On this page, we hope to clear up problems that you might
have with special triangles, such as a
30o-60o-90o, and theorems
that apply to them, such as the Pythagorean Theorem.
Scroll down or click on one of the links below to start better
understanding special triangles.
Quiz on Special Triangles
One of the most famous mathematicians who has ever lived,
Pythagoras, a Greek scholar who lived way back in the
6th century B.C. (back when Bob Dole was learning geometry), came
up with one of the most famous theorems ever, the Pythagorean Theorem.
It says - in a right triangle, the square of the measure of the hypotenuse equals
the sum of the squares of the measures of the two legs.
This theorem is normally represented by the following equation:
a2 + b2 = c2, where
c represents the hypotenuse.
1. Problem: Find the value of c. Solution: a2 + b2 = c2 Write the Pythagorean Theorem and then plug in any given information. 52 + 122 = c2 The information that was given in the figure was plugged in. 169 = c2 Solve for c c = 13
One of the special right triangles which we deal with in geometry
is an isosceles right triangle. These triangles are also
known as 45-45-90 triangles (so named because
of the measures of their angles). There is one theorem that
applies to these triangles. It is stated below.
There's another kind of special right triangle which we deal
with all the time. These triangles are known as
30-60-90 triangles (so named because of the measures
of their angles). There is one theorem that applies to
these triangles. It is stated below.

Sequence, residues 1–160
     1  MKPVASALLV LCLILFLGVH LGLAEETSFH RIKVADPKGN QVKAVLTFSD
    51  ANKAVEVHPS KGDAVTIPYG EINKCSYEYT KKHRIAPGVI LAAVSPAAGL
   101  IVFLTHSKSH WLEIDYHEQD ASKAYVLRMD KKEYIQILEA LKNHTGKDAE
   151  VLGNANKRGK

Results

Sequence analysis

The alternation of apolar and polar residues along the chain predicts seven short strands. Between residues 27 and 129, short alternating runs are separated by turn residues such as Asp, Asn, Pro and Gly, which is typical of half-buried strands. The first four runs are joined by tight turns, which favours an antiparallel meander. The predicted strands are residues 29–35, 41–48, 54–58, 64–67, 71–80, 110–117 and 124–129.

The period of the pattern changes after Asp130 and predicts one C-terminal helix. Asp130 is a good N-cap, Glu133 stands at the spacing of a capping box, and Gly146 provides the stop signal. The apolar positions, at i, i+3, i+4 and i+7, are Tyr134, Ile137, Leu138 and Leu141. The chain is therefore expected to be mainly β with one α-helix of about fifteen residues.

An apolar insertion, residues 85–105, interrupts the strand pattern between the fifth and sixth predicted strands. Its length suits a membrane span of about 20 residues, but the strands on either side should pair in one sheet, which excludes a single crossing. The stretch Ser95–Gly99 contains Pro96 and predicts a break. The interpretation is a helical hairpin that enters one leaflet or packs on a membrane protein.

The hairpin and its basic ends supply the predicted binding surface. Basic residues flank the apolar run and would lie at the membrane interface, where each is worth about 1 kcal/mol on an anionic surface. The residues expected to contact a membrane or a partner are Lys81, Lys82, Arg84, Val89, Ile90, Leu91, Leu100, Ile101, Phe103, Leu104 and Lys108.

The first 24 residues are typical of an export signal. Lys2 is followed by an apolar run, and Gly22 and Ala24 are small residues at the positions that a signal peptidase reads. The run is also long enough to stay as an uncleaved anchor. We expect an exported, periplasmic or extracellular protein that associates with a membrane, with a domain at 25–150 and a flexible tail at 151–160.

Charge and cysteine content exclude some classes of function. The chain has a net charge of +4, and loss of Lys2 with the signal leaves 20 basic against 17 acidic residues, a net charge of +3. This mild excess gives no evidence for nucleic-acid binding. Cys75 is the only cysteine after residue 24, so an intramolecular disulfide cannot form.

While the word trigonometry strikes fear into the hearts of many, we made it through (amazing as it may seem to us), and hope to help you through it, too! Each of the three basic trigonometric ratios are shown below.
sine of angle A = (measure of
opposite leg)/(measure of hypotenuse). In the figure, the
sin of angle A = (a/c).
1. Problem: Find sin A, cos A, and tan A. Solution: sine = (opposite/hypotenuse) sine = 5/13 cosine = (adjacent/hypotenuse) cos = 12/13 tangent = (opposite/adjacent) tan = 5/12
Be aware that, although the example above seems to indicate otherwise, the values for the trigonometric ratios depend on the measure of the angle, not the measures of the triangle's sides.
Many problems ask that you find the measure of an angle or a segment that cannot easily be measured. Problems of this kind can often be solved by the application of trigonometry. Below is an example problem of this type.
1. Problem: A ladder 12 meters long leans against a building. It rests on the wall at a point 10 meters above the ground. Find the angle the ladder makes with the ground. Solution: Make sure you know what is being asked. Then use the given information to draw and label a figure. Here's our idea of a figure for this problem: Choose a variable to represent the measure of the angle you are asked to find. Using the variable you have chosen, write an equation that will solve the problem. sin x2 = (10/12) The above equation is derived from the given information and the knowledge of the sine ratio. Find the solution using a calculator's Arcsine function or a table of trigonometric ratios. TI-82 screen: sin-1 (10/12) = 56.44 Trigonometric Ratios Table: sin 56o = 0.8290 sin 57o = 0.8387 By either answer, after rounding to the nearest degree, the answer is 56o.
Take the Quiz on special triangles. (Very useful to review or to see if you've really got this topic down.) Do it!